Ensuring that compliance policies and procedures are well-communicated throughout the company is a critical responsibility of compliance teams. The new guidance places even greater emphasis on this, directing prosecutors to ask specifically whether a company’s compliance policies and procedures are published in a searchable format for easy reference. Making a copy of a policy available in the compliance department or on a static website may no longer be sufficient. In addition, the new guidance directs prosecutors to ask whether the company tracks access to various policies and procedures to understand which policies are attracting more attention from employees. Tracking and analyzing such search metadata will now be considered an essential part of the regular risk assessment process.
To evaluate whether a company has an effective training program, the revised guidance directs prosecutors to examine whether a company is evaluating the effect of its training program on employee behavior or operations. Presumably, the Department will want to see that the company has developed certain metrics and/or conducts meaningful qualitative analysis of its training program (through survey data, for example) to determine what effect, if any, the program is having. In addition, while the guidance does not take a position on the format of training programs, the revisions make clear that any format used must provide a mechanism for employees to ask questions arising out of the training materials.
Confidential hotlines and related reporting mechanisms have been standard practice for years. The revised guidance emphasizes that a company’s reporting mechanism should be publicized to relevant third parties, not just internally. The guidance also emphasizes that the company should develop measures to test whether employees are actually aware of its hotline and “feel comfortable” with it. As with the approach to evaluating training programs, implementing appropriate metrics, survey data, and procedures to track reports from filing to conclusion will be important. Prosecutors are directed to examine how internal investigations and discipline arising from hotline reports are monitored by the compliance team to ensure consistency.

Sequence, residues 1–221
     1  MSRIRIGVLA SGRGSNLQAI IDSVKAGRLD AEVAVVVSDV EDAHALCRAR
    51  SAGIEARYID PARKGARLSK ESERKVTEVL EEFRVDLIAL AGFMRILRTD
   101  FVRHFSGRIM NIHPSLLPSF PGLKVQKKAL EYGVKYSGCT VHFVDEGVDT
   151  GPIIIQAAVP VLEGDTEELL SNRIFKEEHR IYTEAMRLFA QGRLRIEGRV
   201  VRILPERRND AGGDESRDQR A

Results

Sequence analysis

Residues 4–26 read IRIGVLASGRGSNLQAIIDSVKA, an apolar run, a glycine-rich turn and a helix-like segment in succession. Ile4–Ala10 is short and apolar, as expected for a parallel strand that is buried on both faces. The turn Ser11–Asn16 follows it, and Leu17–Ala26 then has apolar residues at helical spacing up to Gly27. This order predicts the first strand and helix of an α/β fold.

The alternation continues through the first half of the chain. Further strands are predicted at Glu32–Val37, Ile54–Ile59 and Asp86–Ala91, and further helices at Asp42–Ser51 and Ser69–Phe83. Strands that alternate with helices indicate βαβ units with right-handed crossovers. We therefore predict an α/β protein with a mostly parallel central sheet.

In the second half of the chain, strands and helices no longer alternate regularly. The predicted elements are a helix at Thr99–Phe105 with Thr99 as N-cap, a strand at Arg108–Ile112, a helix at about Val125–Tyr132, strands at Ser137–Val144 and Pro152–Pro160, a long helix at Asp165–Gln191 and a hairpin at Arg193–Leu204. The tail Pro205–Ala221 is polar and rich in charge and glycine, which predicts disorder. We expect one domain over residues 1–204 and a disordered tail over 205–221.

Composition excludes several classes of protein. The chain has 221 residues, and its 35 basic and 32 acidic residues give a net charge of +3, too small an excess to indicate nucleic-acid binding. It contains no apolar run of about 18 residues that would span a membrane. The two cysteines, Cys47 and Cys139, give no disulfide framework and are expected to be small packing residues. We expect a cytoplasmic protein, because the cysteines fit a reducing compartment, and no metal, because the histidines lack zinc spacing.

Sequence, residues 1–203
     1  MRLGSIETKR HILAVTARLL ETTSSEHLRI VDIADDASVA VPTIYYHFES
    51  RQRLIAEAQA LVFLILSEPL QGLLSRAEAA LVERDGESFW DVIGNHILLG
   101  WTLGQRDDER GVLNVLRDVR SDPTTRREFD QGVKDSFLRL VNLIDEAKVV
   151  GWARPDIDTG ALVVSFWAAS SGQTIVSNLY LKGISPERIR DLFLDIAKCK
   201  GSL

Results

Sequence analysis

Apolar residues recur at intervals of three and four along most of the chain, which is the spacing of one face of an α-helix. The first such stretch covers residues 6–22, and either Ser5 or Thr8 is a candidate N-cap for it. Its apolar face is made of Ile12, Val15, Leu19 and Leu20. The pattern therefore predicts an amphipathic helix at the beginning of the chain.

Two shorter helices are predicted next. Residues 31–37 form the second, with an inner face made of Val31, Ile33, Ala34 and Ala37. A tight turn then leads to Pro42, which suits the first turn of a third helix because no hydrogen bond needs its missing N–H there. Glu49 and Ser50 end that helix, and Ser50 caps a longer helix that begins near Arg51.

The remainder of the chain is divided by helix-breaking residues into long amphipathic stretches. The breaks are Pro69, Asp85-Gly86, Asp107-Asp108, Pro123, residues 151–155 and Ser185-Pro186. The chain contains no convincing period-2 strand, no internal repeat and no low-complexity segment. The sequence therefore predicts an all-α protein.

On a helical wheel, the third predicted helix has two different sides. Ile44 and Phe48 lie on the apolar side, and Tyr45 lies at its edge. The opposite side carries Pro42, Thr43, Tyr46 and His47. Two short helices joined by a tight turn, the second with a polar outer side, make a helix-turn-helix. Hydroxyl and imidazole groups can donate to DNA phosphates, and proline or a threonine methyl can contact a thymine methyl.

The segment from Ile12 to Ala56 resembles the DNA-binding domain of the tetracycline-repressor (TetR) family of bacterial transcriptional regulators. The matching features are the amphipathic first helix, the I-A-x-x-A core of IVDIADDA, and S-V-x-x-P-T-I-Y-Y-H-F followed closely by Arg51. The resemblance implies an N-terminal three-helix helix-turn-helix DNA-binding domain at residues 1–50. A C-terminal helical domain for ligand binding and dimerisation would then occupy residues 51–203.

The revised guidance continues the trend of emphasizing that third-party management is not just about onboarding due diligence, but management of the risks posed by a third-party relationship throughout the “lifespan of the relationship.” Companies that focus only on risk management during the onboarding process will likely come up deficient here.
Post-acquisition diligence and compliance integration
Similarly, the revised guidance moves away from a limited discussion of compliance due diligence during the merger and acquisition process, and toward a compliance approach that covers both the pre-acquisition and post-acquisition process. Reflecting existing best practices, the new guidance provides that a well-designed compliance program should contain processes for comprehensive pre-acquisition diligence, appropriate post-acquisition diligence, and “timely and orderly integration” of the acquired entity into existing compliance and control structures. Prosecutors are instructed to examine all three components, and ask why any or all could not have been conducted in an given transaction.
Many of the changes made to the DOJ guidance reflect best practices and areas of emphasis that companies have addressed since the last revision to the policy. Helpfully, the new version of the guidance recognizes that companies are not uniform, and clarifies that prosecutors should consider not only the particular facts at issue in a case when evaluating a compliance program, but also the “circumstances of the company.” This is an important clarification, as it instructs prosecutors that not all factors in the guidance can be applied equally across all businesses, and that the evaluation must be individualized. That said, careful attention to the areas of emphasis in the revised policy will be critical as companies design, evaluate, and modify their compliance programs going forward.